The rise of literary festivals in Asia is, in many ways, down to the huge success of Jaipur, which started with a handful of authors back in 2006. I actually began my literary PR career at the Hay Festival in the UK, before working at the Edinburgh International Book Festival right before I moved to Hong Kong. There is an indescribable magic in the air at literary festivals; it’s certainly an addictive energy for those five adrenaline-fuelled days in Jaipur each January. I am looking forward to visiting the Singapore Writers’ Festival later this month – but as a punter! – and seeing Naomi Wolf and Suchen Christine Lim, as well as browsing the Festival bookstore to discover the new contemporary voices of Singaporean literature.
Mid-afternoon I catch up with Jan and Louise who also work with me at Flatcap Asia. I don’t speak any other language except English, yet the company works on a daily basis in both Traditional and Simplified Chinese and so I am very fortunate to have great staff members who can execute this non-English language media activity on behalf of our clients.
Around 4pm, London begins to wake up and so when I see The Bookseller’s Morning Briefing ping into my inbox, I tend to take half an hour out to catch up on the latest trade news from the industry as well as having a look on Twitter to see what is driving the news agenda of the day.
Many in the publishing industry are nervous about the rise of e-books and the demise of print. Regardless of age, the data shows consumers still want print books. The key challenge for the industry is maintaining a workable revenue model which accounts for the changes in delivering published work to readers. I think it’s important to learn lessons from what happened to the music industry in the early 2000’s. Thought it’s hard to predict what publishing will look like in 12 months’ time, never mind in 12 years, I do think print will always maintain its place and be consumed alongside digital.
In many ways, for marketers, the digital challenge creates an exciting opportunity as the traditional avenues of reaching an audience for a book are suddenly been disrupted (or complemented?) by other platforms, particularly social media, which allow readers to discover books, authors or genres they may never have come across in a bricks and mortar store.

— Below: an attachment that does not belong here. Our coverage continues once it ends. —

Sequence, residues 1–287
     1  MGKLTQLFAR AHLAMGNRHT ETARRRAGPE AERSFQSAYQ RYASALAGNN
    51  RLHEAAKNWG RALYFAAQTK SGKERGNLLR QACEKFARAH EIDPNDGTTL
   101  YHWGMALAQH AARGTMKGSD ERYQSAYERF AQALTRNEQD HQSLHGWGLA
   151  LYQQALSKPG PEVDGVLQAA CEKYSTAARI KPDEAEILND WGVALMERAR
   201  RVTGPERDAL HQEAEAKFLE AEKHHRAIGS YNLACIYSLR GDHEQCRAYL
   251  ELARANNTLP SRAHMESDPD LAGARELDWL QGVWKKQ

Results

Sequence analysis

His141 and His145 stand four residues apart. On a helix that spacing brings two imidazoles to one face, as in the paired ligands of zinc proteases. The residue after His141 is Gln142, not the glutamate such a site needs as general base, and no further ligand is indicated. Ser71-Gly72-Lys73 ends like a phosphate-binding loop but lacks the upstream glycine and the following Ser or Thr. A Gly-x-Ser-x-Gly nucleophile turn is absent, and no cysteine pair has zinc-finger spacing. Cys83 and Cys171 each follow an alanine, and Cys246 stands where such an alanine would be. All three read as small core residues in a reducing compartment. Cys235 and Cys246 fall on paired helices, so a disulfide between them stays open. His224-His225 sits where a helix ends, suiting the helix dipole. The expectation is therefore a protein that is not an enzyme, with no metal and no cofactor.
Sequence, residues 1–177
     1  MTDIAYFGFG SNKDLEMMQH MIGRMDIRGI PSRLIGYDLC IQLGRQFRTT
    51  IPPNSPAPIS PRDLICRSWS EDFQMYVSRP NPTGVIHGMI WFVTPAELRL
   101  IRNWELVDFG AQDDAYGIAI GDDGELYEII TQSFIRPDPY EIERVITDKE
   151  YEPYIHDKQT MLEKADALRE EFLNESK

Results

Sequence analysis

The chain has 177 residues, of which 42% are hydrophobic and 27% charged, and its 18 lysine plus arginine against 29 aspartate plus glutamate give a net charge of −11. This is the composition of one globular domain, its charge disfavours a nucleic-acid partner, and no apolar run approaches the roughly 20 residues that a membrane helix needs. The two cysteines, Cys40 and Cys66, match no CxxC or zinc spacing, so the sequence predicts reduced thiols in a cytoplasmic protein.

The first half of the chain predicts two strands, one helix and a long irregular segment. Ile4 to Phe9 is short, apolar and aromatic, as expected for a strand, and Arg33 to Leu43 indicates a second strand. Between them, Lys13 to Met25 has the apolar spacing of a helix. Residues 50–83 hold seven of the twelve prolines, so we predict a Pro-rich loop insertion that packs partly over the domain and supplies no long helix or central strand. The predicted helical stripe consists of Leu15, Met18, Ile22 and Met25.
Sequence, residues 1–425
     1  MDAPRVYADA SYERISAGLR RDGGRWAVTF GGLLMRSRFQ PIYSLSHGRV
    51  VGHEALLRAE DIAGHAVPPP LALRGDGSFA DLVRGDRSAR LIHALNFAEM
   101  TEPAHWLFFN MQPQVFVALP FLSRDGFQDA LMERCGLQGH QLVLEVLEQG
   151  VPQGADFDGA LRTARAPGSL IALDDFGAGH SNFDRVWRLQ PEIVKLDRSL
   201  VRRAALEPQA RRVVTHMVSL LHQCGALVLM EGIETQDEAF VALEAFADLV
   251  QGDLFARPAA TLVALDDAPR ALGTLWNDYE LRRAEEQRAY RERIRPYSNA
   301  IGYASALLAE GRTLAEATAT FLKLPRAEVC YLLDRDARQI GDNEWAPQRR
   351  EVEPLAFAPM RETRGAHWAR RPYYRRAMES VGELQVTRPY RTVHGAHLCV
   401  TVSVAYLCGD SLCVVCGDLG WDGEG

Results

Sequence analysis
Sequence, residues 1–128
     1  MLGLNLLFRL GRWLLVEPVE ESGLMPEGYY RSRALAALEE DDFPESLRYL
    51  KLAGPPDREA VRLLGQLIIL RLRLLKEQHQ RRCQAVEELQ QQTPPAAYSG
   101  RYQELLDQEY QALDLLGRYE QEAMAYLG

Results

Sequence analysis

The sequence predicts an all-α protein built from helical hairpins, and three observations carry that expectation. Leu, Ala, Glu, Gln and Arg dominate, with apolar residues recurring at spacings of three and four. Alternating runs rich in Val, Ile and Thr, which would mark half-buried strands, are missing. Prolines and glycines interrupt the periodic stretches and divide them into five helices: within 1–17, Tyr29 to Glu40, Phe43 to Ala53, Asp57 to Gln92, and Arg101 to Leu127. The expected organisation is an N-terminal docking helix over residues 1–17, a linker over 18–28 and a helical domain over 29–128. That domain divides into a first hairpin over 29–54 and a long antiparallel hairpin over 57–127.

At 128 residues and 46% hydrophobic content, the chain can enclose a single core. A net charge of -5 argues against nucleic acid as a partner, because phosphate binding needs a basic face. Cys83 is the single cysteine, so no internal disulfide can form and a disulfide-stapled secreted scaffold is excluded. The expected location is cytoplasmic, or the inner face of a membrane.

Around 5pm, emails from our clients in the UK begin to come through and so I turn my attention to that. One client we work with a lot is BAFTA (the British Academy of Film and Television Arts). Since last year, BAFTA has been hosting a range of activities in Hong Kong, aiming to inspire the city’s next generation of aspiring film, TV and games professionals. It’s been great fun supporting them on the ground here in Hong Kong.
Towards the end of the day I tend to focus on more admin related activity. This can be boring things like sorting out my accounts or general business management, through to more fun stuff like pulling together coverage reports for our clients. I am working on two of these at the moment, one for StoryWorthyWeek, an annual storytelling festival in Hong Kong, and one for Susan Barker, the incredibly talented author of The Incarnations, which we recently represented. A coverage report gives the client an overview of the campaign to date as well as showing all the media coverage earned so far, as well as the reach and value of the coverage.
I usually leave the office on time at 7:30pm when I will head out for dinner with friends or head out to see a production by one of our theatre clients. There is a really strong English-language theatre scene in Hong Kong, and thanks to groups such as Liars’ League and Hong Kong Storytellers there is also a growing live literature scene too.”
Twitter: @HarrisonJKelly / @FlatcapAsia